The whole tooth
Missing teeth and other dental problems are common in elderly horses and, at best, make grazing and chewing forage difficult. At worst, it can lead to pain, reluctance to eat and, subsequently, weight loss. This, is just one reason why it’s important for your horse to have regular vet checks – identifying problems early can prevent any further issues from arising.
Consider what your horse is able to eat as he gets older, especially if he has missing teeth. A high-fibre diet is essential, but he may have difficulties chewing enough hay or haylage, so softer or soaked feed may be required instead. There’s a variety of forage-based feeds on the market that’ll provide him with the nutrients he needs to stay healthy when fed at the recommended rate.
Some horses find it difficult to eat shorter grass due to wear and tear on their teeth, so your horse may also benefit from grazing on quality grass of a longer length so it’s easier for him to eat.
If your horse requires a greater amount of softened food in a bucket, he may also need a safe place to eat this away from other horses. Each horse is an individual, but it may be best for him to come in or be separated from the herd briefly.
Keep an eye out
Cataracts are a common eye problem in older horses, causing their sight to diminish over time. Vision is one of your horse’s primary senses, so to lose it or for it to deteriorate can cause him to feel vulnerable to potential dangers. It may also make him reluctant to move around in his environment and more anxious than he was before.
Keeping his environment the same can help him to feel safer in his surroundings – hay, water and feed should be put in the same place every day to avoid confusion. Handling of horses with impaired vision should be calm, careful and considered, using your voice to let them know where you are and using gentle touch as you move around their body so that you don’t startle them.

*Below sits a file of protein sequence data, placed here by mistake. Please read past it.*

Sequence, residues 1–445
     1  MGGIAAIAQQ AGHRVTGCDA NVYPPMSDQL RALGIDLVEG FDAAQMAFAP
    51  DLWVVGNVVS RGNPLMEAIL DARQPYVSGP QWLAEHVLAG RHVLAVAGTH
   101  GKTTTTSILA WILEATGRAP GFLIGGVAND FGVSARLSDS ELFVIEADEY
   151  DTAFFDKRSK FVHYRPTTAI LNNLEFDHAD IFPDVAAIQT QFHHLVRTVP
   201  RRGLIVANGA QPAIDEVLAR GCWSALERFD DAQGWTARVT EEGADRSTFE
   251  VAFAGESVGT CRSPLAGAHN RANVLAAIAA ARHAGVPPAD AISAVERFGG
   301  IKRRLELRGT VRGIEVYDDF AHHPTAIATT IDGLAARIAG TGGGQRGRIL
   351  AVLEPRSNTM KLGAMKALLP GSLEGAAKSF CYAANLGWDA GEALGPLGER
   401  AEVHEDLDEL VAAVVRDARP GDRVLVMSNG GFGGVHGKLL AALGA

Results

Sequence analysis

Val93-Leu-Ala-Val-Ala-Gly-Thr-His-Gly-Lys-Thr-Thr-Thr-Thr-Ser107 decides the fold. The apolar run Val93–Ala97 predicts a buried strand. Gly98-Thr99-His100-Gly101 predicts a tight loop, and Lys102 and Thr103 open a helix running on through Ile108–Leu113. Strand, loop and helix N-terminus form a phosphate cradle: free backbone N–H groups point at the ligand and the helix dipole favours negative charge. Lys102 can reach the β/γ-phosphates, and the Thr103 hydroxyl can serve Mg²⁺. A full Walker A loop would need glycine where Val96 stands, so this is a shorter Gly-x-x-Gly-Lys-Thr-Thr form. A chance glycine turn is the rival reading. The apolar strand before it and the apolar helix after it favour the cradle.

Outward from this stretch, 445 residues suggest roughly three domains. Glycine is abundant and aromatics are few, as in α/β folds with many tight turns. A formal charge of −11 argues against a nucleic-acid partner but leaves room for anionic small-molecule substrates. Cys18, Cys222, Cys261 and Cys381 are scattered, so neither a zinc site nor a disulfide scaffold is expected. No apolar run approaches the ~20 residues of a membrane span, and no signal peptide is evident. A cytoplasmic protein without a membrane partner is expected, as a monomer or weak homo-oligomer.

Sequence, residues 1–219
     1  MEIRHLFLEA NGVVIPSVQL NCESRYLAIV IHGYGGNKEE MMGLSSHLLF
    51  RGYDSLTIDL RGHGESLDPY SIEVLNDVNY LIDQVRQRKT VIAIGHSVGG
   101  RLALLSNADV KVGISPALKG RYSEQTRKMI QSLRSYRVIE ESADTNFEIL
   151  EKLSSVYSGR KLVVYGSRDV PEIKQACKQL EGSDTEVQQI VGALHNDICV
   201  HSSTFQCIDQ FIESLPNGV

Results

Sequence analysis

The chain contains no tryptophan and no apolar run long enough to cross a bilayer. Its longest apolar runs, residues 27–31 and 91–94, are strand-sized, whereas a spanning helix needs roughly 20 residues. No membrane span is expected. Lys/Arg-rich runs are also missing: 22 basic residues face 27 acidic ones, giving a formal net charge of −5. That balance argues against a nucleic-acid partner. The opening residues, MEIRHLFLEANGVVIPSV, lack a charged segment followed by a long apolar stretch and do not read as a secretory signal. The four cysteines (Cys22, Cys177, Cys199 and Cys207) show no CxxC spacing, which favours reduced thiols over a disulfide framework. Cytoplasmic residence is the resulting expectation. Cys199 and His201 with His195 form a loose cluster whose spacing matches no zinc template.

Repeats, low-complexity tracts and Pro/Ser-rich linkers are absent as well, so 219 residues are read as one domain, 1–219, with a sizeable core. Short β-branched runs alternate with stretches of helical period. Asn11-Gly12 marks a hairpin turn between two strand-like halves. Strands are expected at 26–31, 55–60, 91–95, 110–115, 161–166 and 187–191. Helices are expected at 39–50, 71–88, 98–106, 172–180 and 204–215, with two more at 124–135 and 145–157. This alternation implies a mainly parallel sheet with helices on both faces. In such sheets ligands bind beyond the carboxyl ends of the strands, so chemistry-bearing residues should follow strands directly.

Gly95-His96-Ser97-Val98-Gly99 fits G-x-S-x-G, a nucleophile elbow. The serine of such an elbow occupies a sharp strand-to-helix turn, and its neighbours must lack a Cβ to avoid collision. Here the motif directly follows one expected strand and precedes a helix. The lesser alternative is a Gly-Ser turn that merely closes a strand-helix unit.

Carry on moving
Although you may feel that you want to keep your horse wrapped up cosy in his warm bed as the cold nights creep in, remember that a horse’s needs are different to that of a human and actually 24/7 turn out can have huge benefits.
The ideal set-up for your elderly horse would offer free access to a barn or stable, with a thick bed for him to lie down on if he chooses to. Depending on his physical health, he’ll likely benefit from continuing to do some light exercise, too – this’ll also keep him mentally stimulated. You can take him out on foot, lead him from another horse or, if he’s comfortable with you doing so, you could take to the saddle for a light hack. Try to take him out at the same time as a companion so he feels safe and confident.
Keep an eye on your horse for any abnormal movement that might suggest pain. Joint pain may prevent him from lying down and getting up easily, which can negatively impact his sleep because horses need to lie down to have REM (rapid eye movement) sleep. A lack of sleep and a disrupted sleep pattern may even cause behavioural problems.
Quality, not quantity
Monitoring the health and condition of your older horse is essential to keep him comfortable. Recording his weight monthly using a body condition score chart will help you manage his weight, recognise any loss of condition and quickly address problems that arise. Regular check-ups from the vet are also important to help you to identify whether your horse is experiencing any discomfort and will assist you in monitoring his quality of life.
Knowing when to make the decision to say a final goodbye to your elderly equine companion can be difficult. Monitoring quality of life indicators can help to ease this process and allow you to identify whether he’s maintaining the same living standards he’s been accustomed to throughout his life. These include…
• eating and drinking Is he still able to take in sufficient food and water?
• movement Is he as active as usual, or is he stiff, reluctant or struggling to move?
• social interactions Does he keep his distance from the herd? Is he interacting with you as normal?
• body condition score Is he losing weight, or struggling to maintain weight and overall condition?
• general demeanour Does he seem to be enjoying life still, or is he withdrawn, dull or depressed?
So much to give
Our horses give us so much joy throughout their lives, and it doesn’t stop just because they can no longer be ridden. As your horse continues to provide you with companionship, you owe it to him to offer a happy, comfortable and consistent retirement by meeting his needs as they develop with his advancing age.